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A report by New Mexico's Game and Fish Department shows that roads, road-building, and the associated traffic they encourage, create a cascade of adverse effects to the forest ecosystem. What impacts do these roads have on the forests and the watershed?
New Mexico contains approximately 1.6 million acres of Inventoried Roadless Areas (IRAs) in 6 national forests. Within these IRAs, 351,000 acres are not currently protected from additional road building by existing forest plans.
IRAs are portions of the National Forest System (NFS) generally over 5,000 acres in size that were inventoried for possible inclusion in the National Wilderness System. When inventoried, these IRAs did not contain roads recognized as official by the U.S. Forest Service. Of the initial 58.5 million acres of IRAs in the U.S., an estimated 2.8 million acres have been roaded since they were inventoried.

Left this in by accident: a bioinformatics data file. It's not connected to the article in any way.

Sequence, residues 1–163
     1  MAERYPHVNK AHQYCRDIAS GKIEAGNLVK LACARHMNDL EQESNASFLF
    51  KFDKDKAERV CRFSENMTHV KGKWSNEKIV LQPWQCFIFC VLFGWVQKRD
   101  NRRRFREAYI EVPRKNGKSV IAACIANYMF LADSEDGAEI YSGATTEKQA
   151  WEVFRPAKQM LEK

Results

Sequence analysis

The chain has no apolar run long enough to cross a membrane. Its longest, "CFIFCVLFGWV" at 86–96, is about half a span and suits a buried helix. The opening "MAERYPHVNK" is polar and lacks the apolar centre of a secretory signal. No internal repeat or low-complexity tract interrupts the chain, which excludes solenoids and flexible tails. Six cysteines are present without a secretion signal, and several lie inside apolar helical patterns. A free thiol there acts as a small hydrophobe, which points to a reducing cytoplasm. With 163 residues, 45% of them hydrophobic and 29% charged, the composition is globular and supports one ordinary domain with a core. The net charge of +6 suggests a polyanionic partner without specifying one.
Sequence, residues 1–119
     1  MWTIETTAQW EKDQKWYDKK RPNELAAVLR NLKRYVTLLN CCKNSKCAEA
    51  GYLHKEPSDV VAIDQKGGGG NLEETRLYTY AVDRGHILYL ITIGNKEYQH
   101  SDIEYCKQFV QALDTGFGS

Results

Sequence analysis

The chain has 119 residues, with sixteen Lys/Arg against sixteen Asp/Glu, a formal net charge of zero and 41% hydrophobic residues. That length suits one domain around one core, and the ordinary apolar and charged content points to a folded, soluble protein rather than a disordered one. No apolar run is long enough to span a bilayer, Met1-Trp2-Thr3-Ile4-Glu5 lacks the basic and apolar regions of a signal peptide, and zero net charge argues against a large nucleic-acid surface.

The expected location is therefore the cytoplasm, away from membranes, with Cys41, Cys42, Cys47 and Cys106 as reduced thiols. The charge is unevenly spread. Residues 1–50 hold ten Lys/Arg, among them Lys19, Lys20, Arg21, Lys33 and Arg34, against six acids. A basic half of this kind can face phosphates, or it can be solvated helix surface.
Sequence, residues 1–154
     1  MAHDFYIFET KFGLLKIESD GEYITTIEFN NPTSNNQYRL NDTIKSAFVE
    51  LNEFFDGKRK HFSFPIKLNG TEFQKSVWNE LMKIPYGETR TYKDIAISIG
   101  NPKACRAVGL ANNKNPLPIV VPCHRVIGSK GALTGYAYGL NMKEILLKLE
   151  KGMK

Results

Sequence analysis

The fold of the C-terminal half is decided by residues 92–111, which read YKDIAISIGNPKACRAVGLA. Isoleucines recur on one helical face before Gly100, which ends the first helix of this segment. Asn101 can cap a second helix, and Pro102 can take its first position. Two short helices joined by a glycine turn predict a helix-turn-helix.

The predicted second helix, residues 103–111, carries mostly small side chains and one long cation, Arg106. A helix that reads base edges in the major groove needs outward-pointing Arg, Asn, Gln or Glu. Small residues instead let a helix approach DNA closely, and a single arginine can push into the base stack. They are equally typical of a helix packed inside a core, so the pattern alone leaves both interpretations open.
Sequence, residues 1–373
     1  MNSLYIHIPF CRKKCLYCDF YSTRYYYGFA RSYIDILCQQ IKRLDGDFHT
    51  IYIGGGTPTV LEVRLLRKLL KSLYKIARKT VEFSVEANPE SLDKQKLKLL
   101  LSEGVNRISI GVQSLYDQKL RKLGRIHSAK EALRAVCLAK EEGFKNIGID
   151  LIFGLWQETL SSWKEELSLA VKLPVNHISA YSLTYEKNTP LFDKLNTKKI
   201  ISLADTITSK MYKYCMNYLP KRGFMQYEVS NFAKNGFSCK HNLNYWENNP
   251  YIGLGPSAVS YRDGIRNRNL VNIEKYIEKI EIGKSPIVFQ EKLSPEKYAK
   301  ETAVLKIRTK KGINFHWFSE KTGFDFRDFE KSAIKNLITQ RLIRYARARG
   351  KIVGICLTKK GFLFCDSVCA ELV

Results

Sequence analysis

Roads, road-building, and the associated traffic they encourage, create a cascade of adverse effects to the forest ecosystem. These include stream sedimentation, reduced water quality, introduction of undesirable non-native plants and animals, habitat fragmentation that adversely affects fish and wildlife populations, and increased unintentional man-caused wildfires.
Of the 24,800 miles of National Forest System roads in New Mexico, only 4,240 miles, or 17%, receive annual maintenance.